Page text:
The second takes the form of tranquilizers first, fed to her by orderlies at her all-girls school, before quickly growing to include booze and stimulants to keep her gameplay sharp and her mind quiet. Beth is presented as uncommonly special, with an ability so rare and exceptional, she’s schooling men three times her age before she even fully grasps the mechanics of the game she’s playing. When she greets sleep with green pills she’s stashed in her toothbrush holder, she drifts off to giant gameboards hosting a flurry of pawns and queens and rooks on the ceiling above her. But as gifted as Beth is, she’s also severely emotionally stunted, incapable of making connections that last longer than the few minutes it takes her to checkmate her opponents. She struggles with companionship – from her childhood friend Jolene to her adoptive mother Mrs. Wheatley – preferring to confine herself to the checkered boxes she can control.
She’s a compelling heroine – flawed and self-centered and yearning to be better – which no doubt contributes to the show’s success. Netflix recently labeled The Queen’s Gambit as its most-watched scripted limited-series to date with 62 million views in the show’s first week. But there’s more to the story’s winning formula than just Taylor-Joy’s hypnotic stare and Beth’s intelligent command of a classic board game.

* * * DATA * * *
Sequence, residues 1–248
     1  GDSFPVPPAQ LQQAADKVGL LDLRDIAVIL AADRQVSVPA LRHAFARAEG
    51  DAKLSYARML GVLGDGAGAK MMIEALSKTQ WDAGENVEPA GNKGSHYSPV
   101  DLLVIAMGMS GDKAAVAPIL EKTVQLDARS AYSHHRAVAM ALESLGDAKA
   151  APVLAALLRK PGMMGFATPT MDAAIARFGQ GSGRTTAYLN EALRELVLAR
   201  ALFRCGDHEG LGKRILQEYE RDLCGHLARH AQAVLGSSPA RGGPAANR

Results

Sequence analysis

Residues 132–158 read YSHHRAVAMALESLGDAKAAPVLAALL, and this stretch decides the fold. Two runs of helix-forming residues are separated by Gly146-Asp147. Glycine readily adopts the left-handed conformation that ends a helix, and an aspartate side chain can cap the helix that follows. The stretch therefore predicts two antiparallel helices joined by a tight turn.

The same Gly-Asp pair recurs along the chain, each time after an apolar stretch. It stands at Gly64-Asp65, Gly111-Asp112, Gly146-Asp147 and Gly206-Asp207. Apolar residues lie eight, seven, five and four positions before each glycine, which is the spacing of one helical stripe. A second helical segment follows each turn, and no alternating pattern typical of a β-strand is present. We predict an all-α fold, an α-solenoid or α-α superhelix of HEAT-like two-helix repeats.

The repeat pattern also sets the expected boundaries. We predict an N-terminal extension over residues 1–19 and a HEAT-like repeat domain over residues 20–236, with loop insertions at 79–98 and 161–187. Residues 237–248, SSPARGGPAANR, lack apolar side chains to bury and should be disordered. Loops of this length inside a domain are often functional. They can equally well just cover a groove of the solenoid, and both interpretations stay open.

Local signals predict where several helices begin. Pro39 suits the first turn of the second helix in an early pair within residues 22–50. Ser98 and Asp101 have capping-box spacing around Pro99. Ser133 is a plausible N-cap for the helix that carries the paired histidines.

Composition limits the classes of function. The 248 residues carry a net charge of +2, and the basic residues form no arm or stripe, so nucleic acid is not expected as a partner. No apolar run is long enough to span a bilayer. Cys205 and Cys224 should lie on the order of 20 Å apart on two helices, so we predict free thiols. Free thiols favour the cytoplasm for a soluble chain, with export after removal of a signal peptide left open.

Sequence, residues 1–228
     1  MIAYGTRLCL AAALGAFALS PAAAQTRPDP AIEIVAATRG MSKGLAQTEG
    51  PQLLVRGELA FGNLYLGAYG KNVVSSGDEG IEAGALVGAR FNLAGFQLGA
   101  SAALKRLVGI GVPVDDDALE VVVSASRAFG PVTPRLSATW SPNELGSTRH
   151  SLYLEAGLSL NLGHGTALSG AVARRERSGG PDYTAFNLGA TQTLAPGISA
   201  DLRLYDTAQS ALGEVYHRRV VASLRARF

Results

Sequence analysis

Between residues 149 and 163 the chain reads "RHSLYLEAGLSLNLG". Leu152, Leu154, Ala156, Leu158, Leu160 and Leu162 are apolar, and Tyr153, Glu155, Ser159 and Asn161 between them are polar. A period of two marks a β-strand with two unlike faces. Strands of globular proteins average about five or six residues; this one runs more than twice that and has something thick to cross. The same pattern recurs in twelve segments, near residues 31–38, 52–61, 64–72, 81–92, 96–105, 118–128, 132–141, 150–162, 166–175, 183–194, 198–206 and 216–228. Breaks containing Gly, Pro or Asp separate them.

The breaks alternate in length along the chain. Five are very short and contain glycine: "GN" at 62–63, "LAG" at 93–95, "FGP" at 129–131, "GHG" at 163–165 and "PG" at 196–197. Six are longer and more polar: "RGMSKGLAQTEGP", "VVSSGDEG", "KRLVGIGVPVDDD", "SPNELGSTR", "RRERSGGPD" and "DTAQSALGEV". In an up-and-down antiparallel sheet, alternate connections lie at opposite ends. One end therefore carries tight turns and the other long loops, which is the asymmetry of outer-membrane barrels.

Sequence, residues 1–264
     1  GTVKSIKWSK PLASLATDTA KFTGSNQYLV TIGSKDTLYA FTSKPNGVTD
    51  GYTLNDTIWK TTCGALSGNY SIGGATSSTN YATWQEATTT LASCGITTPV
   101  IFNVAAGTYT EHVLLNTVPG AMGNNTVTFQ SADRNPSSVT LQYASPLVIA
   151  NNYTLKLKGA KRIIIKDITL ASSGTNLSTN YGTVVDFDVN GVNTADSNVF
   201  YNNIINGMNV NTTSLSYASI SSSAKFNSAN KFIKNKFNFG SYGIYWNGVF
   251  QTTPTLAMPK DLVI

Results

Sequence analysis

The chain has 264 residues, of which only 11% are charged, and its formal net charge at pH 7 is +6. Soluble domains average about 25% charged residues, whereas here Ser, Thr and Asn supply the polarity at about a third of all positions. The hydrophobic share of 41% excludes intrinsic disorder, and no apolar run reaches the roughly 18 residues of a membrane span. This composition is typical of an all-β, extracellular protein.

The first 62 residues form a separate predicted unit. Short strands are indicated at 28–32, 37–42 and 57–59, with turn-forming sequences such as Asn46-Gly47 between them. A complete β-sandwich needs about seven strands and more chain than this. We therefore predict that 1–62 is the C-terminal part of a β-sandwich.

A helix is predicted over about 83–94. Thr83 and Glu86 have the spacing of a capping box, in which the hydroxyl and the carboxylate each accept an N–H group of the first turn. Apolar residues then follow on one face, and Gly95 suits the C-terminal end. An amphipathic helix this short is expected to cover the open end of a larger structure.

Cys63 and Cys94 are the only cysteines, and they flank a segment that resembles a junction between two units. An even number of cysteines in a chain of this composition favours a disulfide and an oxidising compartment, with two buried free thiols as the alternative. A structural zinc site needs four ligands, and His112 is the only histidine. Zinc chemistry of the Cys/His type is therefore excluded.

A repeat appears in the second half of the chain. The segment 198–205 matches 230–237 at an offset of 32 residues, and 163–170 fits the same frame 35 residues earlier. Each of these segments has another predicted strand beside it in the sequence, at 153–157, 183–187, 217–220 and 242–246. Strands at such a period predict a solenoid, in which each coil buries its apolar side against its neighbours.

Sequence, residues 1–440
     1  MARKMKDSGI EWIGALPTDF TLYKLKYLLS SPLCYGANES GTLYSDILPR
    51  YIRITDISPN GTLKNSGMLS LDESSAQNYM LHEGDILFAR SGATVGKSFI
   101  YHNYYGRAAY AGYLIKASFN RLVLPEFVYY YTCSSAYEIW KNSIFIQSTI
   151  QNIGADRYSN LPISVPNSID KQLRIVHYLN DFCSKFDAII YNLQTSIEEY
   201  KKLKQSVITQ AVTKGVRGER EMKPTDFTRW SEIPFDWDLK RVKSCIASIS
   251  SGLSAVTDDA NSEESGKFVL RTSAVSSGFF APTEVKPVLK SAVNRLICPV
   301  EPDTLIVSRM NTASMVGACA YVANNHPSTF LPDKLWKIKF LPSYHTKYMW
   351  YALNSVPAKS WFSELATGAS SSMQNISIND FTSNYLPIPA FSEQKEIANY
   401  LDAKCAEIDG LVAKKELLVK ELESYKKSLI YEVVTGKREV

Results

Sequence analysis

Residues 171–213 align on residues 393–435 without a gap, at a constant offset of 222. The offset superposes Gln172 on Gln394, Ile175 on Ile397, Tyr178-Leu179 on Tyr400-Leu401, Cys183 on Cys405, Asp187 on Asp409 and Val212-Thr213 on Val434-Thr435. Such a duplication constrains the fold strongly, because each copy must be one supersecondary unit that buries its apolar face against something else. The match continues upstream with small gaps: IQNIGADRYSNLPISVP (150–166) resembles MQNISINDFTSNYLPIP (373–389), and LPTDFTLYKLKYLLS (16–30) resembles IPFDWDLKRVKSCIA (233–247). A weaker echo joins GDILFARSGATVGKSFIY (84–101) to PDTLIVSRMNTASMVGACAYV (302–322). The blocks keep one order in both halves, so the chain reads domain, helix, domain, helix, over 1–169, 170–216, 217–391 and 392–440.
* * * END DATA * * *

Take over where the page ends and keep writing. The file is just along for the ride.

You wouldn’t have described chess as “sexy” before watching this series. Now, people are streaming games on Twitch and buying up boards faster than manufacturers can make them. You wouldn’t have labeled the 1960s, with its blunt micro-fringes and over-lined cat-eyes, as particularly revolutionary in terms of fashion. Yet now, people are restocking their wardrobes with Mod patterns and A-line shapes and head scarfs. The Queen’s Gambit, a period piece about a boardgame that conjures up old men in public parks, has somehow become the mecca of the pop culture zeitgeist.